Wednesday, February 15, 2006

What Freedom of Speech Looks Like

Ezra Levant is a coward and an asshole. Canadian Muslims have not responded to the offensive Danish cartoons with any kind of violence or threats, outside of a reasonable case that Levant might be comitting a hate crime under Canadian law.

People need to understand there's a difference between the exercise of free speech, and the moral high ground that free speech sometimes gives you. Levant has the right to publish this giant "Fuck You" to Canadian muslims (which is all this is) but he can't expect us to congratulate him for essentially laying a turd in the middle of the living room.

Want to see what a real exercise of free speech looks like?
Amitai Sandy (29), graphic artist and publisher of Dimona Comix Publishing, from Tel-Aviv, Israel, has followed the unfolding of the “Muhammad cartoon-gate” events in amazement, until finally he came up with the right answer to all this insanity - and so he announced today the launch of a new anti-Semitic cartoons contest - this time drawn by Jews themselves!

“We’ll show the world we can do the best, sharpest, most offensive Jew hating cartoons ever published!” said Sandy “No Iranian will beat us on our home turf!”

The contest has been announced today on the website, and the initiator accept submissions of cartoons, caricatures and short comic strips from people all over the world. The deadline is Sunday March 5, and the best works will be displayed in an Exhibition in Tel-Aviv, Israel.
This is such a beautiful response to all of this insanity. I'm overjoyed to see that a sense of humour remains the best response to this kind of idiocy.

The contest is open to all Jewish cartoonists. So if there are any in my audience, knock yourselves out!


Lord Kitchener's Own said...

I haven't seen the infamous cartoons, but I do wonder a little whether seeing them would put all the violence into context. I'm sure some are much more offensive than this, but my understanding is that one of them is a depiction of the Prophet wearing a turban in the shape of a bomb. Offensive, sure, but it's also an interesting commentary on the way radical Islam has usurped a peaceful religion and morphed some of it's former followers into violent fanatics. I'm sure there must be more offensive cartoons in the collection than that, and frankly I can't comment too much, since I'm not at all interseted in seeing the cartoons, but still. I do wonder just how offensive something would need to be to me before I decided I needed to burn down an embassy or kill someone over it. I just don't think any drawing could ever offend me that much.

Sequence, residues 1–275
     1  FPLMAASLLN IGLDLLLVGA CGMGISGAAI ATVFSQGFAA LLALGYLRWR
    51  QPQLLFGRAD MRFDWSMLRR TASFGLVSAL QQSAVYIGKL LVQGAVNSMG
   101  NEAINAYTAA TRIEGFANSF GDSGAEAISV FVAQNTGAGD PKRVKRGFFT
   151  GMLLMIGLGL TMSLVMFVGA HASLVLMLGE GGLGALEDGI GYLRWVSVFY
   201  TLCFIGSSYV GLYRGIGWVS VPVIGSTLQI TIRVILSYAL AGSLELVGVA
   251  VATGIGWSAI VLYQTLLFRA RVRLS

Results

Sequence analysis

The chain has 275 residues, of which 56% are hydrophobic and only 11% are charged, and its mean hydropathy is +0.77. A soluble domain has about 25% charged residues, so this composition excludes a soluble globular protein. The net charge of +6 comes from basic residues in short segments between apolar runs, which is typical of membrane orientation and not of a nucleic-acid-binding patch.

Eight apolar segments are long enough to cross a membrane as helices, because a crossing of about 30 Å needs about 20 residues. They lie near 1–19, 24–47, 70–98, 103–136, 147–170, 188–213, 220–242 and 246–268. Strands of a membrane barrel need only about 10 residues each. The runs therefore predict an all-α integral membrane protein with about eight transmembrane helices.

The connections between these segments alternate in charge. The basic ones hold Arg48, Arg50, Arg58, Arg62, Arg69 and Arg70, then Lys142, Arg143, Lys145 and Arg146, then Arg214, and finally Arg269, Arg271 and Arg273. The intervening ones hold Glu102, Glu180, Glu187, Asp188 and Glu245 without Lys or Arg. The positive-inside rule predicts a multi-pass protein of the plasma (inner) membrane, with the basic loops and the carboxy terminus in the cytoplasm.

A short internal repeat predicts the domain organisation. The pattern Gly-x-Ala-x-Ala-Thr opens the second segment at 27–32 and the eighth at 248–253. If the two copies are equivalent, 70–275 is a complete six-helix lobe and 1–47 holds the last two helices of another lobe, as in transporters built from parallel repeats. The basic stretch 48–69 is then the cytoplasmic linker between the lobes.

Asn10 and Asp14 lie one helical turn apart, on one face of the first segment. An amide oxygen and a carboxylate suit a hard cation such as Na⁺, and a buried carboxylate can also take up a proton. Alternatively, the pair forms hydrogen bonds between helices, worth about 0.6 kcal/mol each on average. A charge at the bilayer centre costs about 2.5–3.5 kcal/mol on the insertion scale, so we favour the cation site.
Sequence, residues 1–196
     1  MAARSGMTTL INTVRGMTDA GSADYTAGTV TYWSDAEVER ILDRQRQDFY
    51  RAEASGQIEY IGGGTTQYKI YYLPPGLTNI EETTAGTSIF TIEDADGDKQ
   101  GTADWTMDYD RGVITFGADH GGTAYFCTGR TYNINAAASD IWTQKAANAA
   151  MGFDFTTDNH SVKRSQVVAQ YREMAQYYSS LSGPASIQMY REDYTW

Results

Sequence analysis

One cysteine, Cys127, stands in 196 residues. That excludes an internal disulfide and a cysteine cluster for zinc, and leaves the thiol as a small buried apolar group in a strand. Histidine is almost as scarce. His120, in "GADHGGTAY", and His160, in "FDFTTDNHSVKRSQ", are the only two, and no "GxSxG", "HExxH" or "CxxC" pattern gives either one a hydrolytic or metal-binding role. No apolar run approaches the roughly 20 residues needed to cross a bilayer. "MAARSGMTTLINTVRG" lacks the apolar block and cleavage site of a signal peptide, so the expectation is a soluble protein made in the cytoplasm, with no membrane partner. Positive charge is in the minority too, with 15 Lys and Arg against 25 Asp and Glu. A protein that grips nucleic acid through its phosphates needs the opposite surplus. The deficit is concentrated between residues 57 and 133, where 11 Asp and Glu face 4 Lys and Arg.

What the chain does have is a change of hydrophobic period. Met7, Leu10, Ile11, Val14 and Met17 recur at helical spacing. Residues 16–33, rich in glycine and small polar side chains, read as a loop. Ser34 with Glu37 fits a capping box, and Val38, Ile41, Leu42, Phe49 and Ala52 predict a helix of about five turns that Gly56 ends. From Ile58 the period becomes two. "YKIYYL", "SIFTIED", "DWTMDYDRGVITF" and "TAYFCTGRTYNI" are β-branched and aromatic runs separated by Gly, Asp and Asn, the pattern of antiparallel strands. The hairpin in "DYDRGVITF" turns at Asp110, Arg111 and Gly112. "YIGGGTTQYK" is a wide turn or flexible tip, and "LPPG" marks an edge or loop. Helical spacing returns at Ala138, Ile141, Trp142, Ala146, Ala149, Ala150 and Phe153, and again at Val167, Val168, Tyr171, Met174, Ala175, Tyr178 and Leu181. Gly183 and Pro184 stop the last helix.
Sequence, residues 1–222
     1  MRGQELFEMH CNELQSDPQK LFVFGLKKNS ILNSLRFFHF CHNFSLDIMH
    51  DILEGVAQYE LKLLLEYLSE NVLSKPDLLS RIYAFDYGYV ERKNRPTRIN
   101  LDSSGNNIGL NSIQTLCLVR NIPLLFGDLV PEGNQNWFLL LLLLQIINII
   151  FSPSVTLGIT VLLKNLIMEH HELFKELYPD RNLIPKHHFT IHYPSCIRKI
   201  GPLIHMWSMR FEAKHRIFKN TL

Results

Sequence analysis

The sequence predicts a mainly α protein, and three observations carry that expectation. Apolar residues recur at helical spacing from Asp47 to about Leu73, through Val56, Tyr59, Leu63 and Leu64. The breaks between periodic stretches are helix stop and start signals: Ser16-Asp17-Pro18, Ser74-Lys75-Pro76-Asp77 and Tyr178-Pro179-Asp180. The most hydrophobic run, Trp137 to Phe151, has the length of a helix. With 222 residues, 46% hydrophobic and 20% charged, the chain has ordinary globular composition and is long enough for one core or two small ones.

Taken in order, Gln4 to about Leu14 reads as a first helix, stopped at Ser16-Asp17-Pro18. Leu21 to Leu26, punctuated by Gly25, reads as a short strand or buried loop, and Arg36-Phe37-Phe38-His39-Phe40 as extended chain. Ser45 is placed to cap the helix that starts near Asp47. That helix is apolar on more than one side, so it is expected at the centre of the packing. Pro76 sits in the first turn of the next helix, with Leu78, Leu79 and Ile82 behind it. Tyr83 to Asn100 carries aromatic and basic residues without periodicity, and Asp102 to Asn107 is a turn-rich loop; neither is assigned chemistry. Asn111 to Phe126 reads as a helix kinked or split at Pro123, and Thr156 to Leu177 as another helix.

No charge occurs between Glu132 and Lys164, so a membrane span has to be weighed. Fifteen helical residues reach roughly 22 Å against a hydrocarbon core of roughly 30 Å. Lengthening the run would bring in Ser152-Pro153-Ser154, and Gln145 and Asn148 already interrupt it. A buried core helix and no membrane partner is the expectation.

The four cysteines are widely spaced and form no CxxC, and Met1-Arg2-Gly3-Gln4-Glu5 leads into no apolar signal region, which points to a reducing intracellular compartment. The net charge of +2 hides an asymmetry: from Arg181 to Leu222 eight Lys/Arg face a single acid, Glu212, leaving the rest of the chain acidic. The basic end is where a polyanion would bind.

Ezra's clearly an idiot, but I do wonder, would we feel differently if he had published the cartoons, not in isolation, but juxtaposed them with anti-semitic, and anti- Christian (or other anti-"insert religion here") cartoons that are also extremely offensive. Might there have been some probative and intellectual value to THAT discussion?

I don't at all think it's necessary for other media outlets to publish, or continue to publish these cartoons, but I'm not sure simply publishing an offensive drawing is ever such a sin, even though in this case I rather suspect this is more about publicity, money, and maybe some latent anti-Muslim bias than educating the public.

Again, having not seen the cartoons I'm pretty ill-informed, but I also worry about people referring to the publication of the cartoons as a hate crime. I'm proud that we have hate crime legislation in Canada, but I think it loses its meaning and power if we yell "hate crime!" everytime someone says, writes or draws something offensive. It leads to idiots claiming that the government will ban the bible as "hate literature" someday, which is patently ridiculous, but still, people will say if you can't draw a cartoon of Mohammed with a bomb, you sure as HELL can't keep printing some of the stuff that appears in the old testament... and we're off to the silly races. Maybe some of the cartoons cross the line into "hate crime" territory, but I would be surprised. That's a line I think we have to draw at a pretty far extreme, and somehow I feel there needs to be more than a drawing with a caption (no matter how offensive) to reach that line.


john said...

I actually don't think that there's a hate crime case to be made in this case, though I see a certain value in making sure people understand this is extremely offensive to Muslims in Canada.

I'm going to work on a bit of a longer post in a bit - but not today, probably.